The former East bloc new member states have had a great number of grievances since they joined the Union in 2004 and 2006, but none of this has accounted for the different effect of the economic crisis to the EU. I fully agree with those opinions which say that the EU has its deepest ever crisis in the current global economic meltdown. The division between Western and Eastern member states is indeed a real danger to both the eurozone and the Union itself. The division became manifest when the Polish prime minister, Donald Tusk has organized a mini-summit before today’s full EU summit with the Czech Republic, Slovakia, Hungary, Estonia, Lithuania, Latvia, Romania and Bulgaria.
As expected, the Hungarian prime minister has called on the EU for the establishment of a fund worth €160-190 billion to provide liquidity and debt rescheduling for Eastern European states, which are currently experiencing their worst economic recession since the Second World War and the renegotiatoin of the entry criteria to the eurozone on today’s informal EU summit. German chancellor Angela Merkel rejected the idea by saying that the former communist countries – the newest EU member states – were not all in the same situation, echoing the position outline by many in the Czech and Polish political elite. Two relatively less hurt Eastern states, the new eurozone member Slovakia and Estonia opted to stay with the Western bloc in hope for more favorable treatment – at least on the bond market. What the EU got instead of a new East-West deal is that Ms Merkel stayed with the traditional French alliance and France was promised to get a bailout for its automotive industry.
Some tried to play down the rift between Western and Eastern member stated and the Polish-initated Eastern Summit. Some Czech and Polish officials insisted that the meeting was a regular part of the preparation for EU summits, and did not signal a growing panic over the economic crisis.’The whole EU summit is a crisis meeting. You can’t have one crisis meeting inside another one,’ a Czech diplomat who asked to remain anonymous told dpa. According to this view, the meeting is a ‘regular’ meeting of the Visegrad Group. However, Romania, Bulgaria and the Baltic States are not members of the otherwise rather defunct group.
The Economist editorial rightly claims that
if a country such as Hungary or one of the Baltic three went under, west Europeans would be among the first to suffer (see article). Banks from Austria, Italy and Sweden, which have invested and lent heavily in eastern Europe, would see catastrophic losses if the value of their assets shrivelled. […] Indeed, collapse in the east would quickly raise questions about the future of the EU itself. It would destabilise the euro—for some euro members, such as Ireland and Greece, are not in much better shape than eastern Europe. […] The political consequences of letting eastern Europe go could be graver still. One of Europe’s greatest feats in the past 20 years was peacefully to reunify the continent after the end of the Soviet empire. Russia is itself in serious economic trouble, but its leaders remain keen to exploit any chance to reassert their influence in the region. Moreover, if the people of eastern Europe felt they had been cut adrift by western Europe, they could fall for populists or nationalists of a kind who have come to power far too often in Europe’s history.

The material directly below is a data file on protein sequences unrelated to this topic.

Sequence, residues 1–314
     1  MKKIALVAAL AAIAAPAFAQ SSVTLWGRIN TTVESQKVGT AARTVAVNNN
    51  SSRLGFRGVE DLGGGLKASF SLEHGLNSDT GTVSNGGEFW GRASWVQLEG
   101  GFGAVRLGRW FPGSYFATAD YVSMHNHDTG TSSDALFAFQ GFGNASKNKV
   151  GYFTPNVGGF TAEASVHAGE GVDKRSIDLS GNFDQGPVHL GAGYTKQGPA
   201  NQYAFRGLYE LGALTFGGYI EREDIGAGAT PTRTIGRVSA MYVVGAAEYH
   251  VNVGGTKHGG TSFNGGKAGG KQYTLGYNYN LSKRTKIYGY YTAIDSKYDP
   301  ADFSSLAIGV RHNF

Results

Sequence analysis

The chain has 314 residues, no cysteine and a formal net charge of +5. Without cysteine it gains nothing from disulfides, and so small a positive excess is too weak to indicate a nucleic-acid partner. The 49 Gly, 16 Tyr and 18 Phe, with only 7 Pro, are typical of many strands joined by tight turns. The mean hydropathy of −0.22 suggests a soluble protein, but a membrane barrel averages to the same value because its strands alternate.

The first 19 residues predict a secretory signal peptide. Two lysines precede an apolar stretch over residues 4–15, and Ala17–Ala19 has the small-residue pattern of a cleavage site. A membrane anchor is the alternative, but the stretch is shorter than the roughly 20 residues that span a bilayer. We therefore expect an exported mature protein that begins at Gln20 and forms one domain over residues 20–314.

The economist partly shares my earlier argument that the EU has less to loose from letting in some of the new member states unconditionally than with leaving them out. The bailout plan is indeed supported and urged by the World Bank as well. It would be very ironic if a Washington-based global institution would have to send assistance to a part of the EU, supposedly the richest economic bloc of the world. As a noticed a few times before in 2008, the Western EU member states are often irked by the fact about Central Europe’s fondness for the US, while the new member states see less and less value of the EU if they have to run to Washington for shelter in any economic or political crisis.
The EU is not a flexible institution, and it is still held back by the lack of the Lisbon Treaty which would give some governance make-up to this rigidity. (It is not blind chance that the Hungarian parliament has raitifed the Lisbon Treaty first, on the first possible day after it was signed). However, a global crisis needs fundamentally different solutions. There had been some good signs: many realized that it is Europe’s interest to expand the eurozone and recognize the different structure of an established and a transition economy, or the new member states with their high growth potential and higher risk can be both the source of higher EU growth or contraction.
A great president of the American Union once referred to the motto above: “A house divided against itself cannot stand.” Why cannot Europe learn from history? Although it will be good to drive a Peugeot car or pay with euros in Reykjavík, such political changes will not save the EU from a long-term paralysis or disintegration. Today’s summit was a sing of lack of leadership and vision for the future of Europe. When the crisis will be over, the participants of today’s summit will be the leaders of the past, and the EU will look fundamentally different from today. The rift between the East and the West has become manifest.Dániel Antal